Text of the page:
But those days are over and I was unceremoniously dumped back into the adjunct pool. And now ... well, now I am quite dead as a scholar. What's the point, is my general outlook. Why should I bother to write essays or work on a book that has a snowball's chance in hell of landing me a job?
While I used to regard working as an adjunct as a stepping stone, now I approach my adjunct work simply as a job. It's certainly not much of a job, but sadly it is about all I am qualified for in this world of ever-new credentials and necesary professional certifications. I am responsible, I'm affable and polite, and I do what is called upon, but no more. However, I expend zero in the way of emotional capital. When the metaphorical bell rings, I'm done for the day. And because my teaching does not eat up an entire week, I work as a real estate agent in between classes and on weekends to add about $15K to $20K per year in income.
Interestingly, I got the idea to do this from another "career" adjunct.
Soon, I may be able to afford medical insurance, albeit out of pocket.
Welcome to the brave new world of casual employment.
I just commented on this at my new blog:
Is Delbanco credible on the subject of academic freedom? From a Brothers Judd (yes, a blogger!) review of Delbanco's The Death of Satan:
"Mr. Delbanco is infamous for a statement he made in The New Republic several years ago, that '[religious] belief is really not an option for thinking people today.' The contempt and close-mindedness evident in that snide remark unfortunately end up deforming this book too and prevent him from following where his own analysis has led, leaving the reader with a serious sense of anticlimax."
The decline of higher education in the U.S. and elsewhere may be the point, but I'd hate to be the brunt of Mr. Delbanco's freedom of expression if I were a Christian student in one of his classes.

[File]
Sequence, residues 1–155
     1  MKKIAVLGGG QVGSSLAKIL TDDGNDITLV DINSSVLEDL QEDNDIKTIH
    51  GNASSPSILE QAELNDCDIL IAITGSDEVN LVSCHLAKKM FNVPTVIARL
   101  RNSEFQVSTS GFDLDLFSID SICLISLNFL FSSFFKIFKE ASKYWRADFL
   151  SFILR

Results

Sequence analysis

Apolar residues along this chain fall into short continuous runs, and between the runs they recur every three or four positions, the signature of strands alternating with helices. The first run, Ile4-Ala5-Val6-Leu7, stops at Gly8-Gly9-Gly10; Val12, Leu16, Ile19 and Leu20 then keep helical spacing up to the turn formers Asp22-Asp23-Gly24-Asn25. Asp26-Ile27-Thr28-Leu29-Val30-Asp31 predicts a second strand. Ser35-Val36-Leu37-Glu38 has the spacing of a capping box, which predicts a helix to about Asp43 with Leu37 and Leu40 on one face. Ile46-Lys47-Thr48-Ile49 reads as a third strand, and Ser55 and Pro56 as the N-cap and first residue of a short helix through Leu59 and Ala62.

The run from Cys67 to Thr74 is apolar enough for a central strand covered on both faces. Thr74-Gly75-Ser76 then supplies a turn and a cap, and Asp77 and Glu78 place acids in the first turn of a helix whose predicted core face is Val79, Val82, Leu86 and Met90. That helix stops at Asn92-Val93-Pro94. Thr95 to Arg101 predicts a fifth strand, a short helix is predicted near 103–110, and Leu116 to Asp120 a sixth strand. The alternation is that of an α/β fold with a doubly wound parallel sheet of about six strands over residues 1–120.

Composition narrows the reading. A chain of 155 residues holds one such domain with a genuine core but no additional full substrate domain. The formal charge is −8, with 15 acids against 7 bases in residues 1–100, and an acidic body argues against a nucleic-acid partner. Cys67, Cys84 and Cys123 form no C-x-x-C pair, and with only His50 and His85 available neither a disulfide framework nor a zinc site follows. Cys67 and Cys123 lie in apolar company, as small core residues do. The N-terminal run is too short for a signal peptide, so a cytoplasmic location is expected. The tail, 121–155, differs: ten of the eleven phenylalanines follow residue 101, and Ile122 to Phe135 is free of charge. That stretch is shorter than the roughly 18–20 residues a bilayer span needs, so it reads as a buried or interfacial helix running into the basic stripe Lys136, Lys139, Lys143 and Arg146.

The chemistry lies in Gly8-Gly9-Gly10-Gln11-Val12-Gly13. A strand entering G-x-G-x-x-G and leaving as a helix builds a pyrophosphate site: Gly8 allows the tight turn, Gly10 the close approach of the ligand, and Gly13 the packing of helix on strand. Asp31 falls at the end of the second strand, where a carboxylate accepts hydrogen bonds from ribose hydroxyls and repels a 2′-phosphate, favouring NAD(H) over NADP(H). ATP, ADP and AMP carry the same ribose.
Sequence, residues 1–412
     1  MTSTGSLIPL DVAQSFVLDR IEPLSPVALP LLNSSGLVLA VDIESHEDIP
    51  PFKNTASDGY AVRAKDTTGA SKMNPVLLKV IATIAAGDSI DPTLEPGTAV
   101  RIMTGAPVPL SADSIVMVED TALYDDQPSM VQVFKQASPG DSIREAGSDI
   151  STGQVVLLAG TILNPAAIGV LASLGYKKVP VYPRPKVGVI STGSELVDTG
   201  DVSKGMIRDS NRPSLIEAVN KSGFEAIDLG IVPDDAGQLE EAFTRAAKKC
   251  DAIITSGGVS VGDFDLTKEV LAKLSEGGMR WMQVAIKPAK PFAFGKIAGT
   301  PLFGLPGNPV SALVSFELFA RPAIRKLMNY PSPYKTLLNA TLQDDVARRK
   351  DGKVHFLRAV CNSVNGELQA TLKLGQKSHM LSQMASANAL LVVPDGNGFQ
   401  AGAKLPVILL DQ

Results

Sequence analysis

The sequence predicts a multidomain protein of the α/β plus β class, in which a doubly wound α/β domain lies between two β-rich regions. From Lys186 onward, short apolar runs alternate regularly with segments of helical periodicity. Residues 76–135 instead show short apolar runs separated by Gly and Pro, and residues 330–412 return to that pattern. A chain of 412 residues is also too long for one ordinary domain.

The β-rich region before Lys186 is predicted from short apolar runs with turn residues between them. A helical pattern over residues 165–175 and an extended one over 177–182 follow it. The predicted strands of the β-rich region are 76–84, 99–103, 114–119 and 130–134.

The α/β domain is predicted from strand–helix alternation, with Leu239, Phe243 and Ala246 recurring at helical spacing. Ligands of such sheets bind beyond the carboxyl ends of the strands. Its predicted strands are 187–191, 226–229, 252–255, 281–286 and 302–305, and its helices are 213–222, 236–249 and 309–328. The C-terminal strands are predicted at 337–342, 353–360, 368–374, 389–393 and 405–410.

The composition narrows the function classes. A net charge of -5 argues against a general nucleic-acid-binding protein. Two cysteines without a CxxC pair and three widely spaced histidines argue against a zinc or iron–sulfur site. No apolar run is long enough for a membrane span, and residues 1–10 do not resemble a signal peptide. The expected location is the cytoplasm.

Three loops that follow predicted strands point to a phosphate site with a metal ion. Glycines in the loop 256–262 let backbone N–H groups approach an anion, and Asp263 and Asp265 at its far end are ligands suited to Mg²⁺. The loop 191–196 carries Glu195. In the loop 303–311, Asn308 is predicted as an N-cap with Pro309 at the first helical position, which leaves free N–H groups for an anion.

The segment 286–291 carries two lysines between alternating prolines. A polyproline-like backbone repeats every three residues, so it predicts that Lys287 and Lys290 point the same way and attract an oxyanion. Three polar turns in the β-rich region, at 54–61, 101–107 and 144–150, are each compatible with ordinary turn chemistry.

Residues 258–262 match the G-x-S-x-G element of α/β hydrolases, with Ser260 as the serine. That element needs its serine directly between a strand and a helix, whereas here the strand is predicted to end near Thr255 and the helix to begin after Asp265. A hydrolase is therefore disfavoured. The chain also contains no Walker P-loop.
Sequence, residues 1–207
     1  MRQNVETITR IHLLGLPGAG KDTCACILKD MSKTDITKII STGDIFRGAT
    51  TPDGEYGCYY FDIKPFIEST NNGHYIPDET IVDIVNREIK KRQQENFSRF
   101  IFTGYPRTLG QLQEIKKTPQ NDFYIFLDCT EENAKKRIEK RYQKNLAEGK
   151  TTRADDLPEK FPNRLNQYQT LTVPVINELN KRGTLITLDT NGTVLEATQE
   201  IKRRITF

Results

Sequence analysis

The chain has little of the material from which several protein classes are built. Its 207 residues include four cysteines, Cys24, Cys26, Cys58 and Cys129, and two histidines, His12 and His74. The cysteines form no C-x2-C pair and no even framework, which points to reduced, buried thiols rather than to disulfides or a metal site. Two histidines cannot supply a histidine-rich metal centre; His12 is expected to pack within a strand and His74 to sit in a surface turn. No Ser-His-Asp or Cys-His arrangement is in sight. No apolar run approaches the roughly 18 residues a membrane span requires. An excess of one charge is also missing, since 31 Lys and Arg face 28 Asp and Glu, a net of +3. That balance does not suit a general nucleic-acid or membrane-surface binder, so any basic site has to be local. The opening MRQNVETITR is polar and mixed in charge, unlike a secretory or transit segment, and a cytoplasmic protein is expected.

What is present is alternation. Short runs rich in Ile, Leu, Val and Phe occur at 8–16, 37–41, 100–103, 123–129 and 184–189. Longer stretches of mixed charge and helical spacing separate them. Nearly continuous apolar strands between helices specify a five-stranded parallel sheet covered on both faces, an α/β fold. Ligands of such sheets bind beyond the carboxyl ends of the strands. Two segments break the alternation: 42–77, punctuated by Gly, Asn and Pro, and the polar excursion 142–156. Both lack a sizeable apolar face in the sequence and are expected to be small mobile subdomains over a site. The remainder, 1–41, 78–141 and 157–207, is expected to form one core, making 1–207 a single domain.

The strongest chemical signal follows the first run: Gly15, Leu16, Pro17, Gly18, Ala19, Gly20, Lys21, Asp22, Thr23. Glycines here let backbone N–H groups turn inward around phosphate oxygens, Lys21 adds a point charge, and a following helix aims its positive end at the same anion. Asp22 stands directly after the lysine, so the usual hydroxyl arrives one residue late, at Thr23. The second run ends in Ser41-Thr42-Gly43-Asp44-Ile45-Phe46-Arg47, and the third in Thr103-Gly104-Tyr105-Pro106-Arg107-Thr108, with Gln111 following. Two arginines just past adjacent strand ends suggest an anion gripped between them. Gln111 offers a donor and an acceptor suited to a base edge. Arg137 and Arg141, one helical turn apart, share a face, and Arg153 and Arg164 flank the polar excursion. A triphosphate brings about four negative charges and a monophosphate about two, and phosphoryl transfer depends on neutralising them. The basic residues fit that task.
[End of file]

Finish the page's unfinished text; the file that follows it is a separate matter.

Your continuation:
Willa Cather's novel The Professor's House, published in 1925, contains some very pertinent jabs at academia, with the protagonist complaining about the increase in funding for athletics at his university and the decline of the quality of his students. There is indeed nothing new under the sun. I first entered University in 1992, and the complaints from professors, especially in the humanities, have remained constant and almost identical, right up to the present.
Bob -- You've got to be kidding me. Delbanco's entire output is basically a lament for the decline of theological inquiry in American intellectual life. This is an example of someone taking a statement wildly out of context and reading it in the most sinister way possible.
On a more personal level, I have been in Prof. Delbanco's classroom and he treats every student with an unimpeachable fairness. I find it unbelievable that anyone -- especially anyone who has read his work -- could believe otherwise.
Just how can one read that statement out of context? If religious belief is not an option for thinking people today, then where is the lament for theological inquiry possible? Either you can inquire without thinking or you can think without religion but you cannot believe in religion and not think and at the same time conduct theological inquiry.